I often get asked why I chose to become a firefighter when there are a plethora of jobs that are deemed more 'suitable' for a woman. The simple answer would be that I'm made for this job. I have the genetics that make me strong giving me the advantage of height and heft, I understand the physics of fire and have a knack for hydraulics and the mechanics of operating different types of fire trucks. I love working with the public and crews. You don't need to be a man to do these things well. But having said all this, there are some inherent challenges to being a female firefighter and living life in the firefighting culture:
No matter how new or how much seniority you have, as a female firefighter, you are always being watched and judged. You will often be questioned about your ability, either by your colleagues or by the public. Because females make up 2% of the firefighting population, we stick out like a sore thumb and as such, we are not able to fade in the crowd. Everyone knows your name and this isn't always a good thing. If there isn't a rumour about you already, one will be made up. Any mistake made is magnified ten times over. All the female firefighters I know have very thick skins. I wear mine like a badge of honour. Thank God I have a sense of humour and never really give a rats ass what people think of me on or off the job.
A guy can go with his crew off shift and party and act like a dumbass and no one will blink an eye. Should a female firefighter do the same, her actions may haunt her for the rest of her career. There is that fine line between friendliness and flirtation. And while you want to be friendly and easy-going with the guys you work with, taking things a step further isn't the wisest choice. Things are usually fine until the big breakup then camps get divided. And the guys will remember you for who you dated rather than the great work you do on the job. The saying never sh*t where you eat applies here. As much as I would love to socialize with the guys off the job, if it's at an event where there is tons of booze being consumed, I tend to pass. Once I saw a captain who was so wasted he stripped down to his tighty whities. To this day I have a hard time taking him seriously, let alone am I able to look him straight in the eye. The image of him dancing on a table in skivvieis enough to send me to therapy.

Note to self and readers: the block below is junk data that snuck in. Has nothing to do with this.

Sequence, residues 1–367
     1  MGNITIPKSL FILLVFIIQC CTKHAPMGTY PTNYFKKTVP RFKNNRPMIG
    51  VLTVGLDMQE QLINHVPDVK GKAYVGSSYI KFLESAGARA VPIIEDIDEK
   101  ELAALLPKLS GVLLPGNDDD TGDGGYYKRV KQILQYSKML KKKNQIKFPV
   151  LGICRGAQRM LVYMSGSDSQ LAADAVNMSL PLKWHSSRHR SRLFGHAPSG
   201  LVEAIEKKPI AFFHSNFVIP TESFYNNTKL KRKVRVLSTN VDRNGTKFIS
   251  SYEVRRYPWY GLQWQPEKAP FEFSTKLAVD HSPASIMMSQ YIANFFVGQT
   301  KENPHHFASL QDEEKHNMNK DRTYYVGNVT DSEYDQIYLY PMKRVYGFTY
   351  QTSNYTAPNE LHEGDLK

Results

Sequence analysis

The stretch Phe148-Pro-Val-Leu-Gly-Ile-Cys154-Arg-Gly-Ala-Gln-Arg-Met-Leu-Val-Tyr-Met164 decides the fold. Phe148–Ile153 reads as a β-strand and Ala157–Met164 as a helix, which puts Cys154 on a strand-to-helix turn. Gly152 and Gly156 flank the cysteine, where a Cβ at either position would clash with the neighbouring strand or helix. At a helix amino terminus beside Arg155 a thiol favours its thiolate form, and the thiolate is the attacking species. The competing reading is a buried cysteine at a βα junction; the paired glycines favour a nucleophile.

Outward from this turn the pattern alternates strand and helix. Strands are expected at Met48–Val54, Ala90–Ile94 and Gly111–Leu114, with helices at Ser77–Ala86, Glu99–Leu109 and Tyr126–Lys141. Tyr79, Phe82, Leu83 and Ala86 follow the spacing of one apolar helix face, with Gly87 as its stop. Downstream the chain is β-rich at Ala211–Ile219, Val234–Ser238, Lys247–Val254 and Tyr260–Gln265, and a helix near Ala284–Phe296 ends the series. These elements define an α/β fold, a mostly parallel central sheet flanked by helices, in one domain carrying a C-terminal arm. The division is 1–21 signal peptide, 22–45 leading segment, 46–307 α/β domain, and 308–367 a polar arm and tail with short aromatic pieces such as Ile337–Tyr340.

The physical demands of the job are demanding. On everyone. Male or female. Firefighting is tough and not gentle on the body. For the women, add a pregnancy or two, the body doesn't get much of a chance to rest. After some days on the job, I crawl back home bone tired only to continue with my work running a household. This I suspect will not get any easier as I age. I do not look forward to menopause. The day I fear breaking a hip dismounting from the firetruck is the day I hang up my helmet. But as bad menopause might be for the gals, it might be far worse for the guys while we unleash on them as we go through it. Or fight to lower the station thermostat. Dudes, payback is a bitch. lol
Even if I won the lottery, I would still go into work because I love the chaos, the dirt, and the unknown that comes with the territory. And there is no other place apart from my own little family, that I feel as needed, loved and respected in spite of the ups and downs. Female or not, firefighting is my dream job. And while I may never be the greatest, the strongest nor the best, I am darn good at what I do. And that's all that really matters at the end of the day... and to be able to include myself in this band of brothers. xo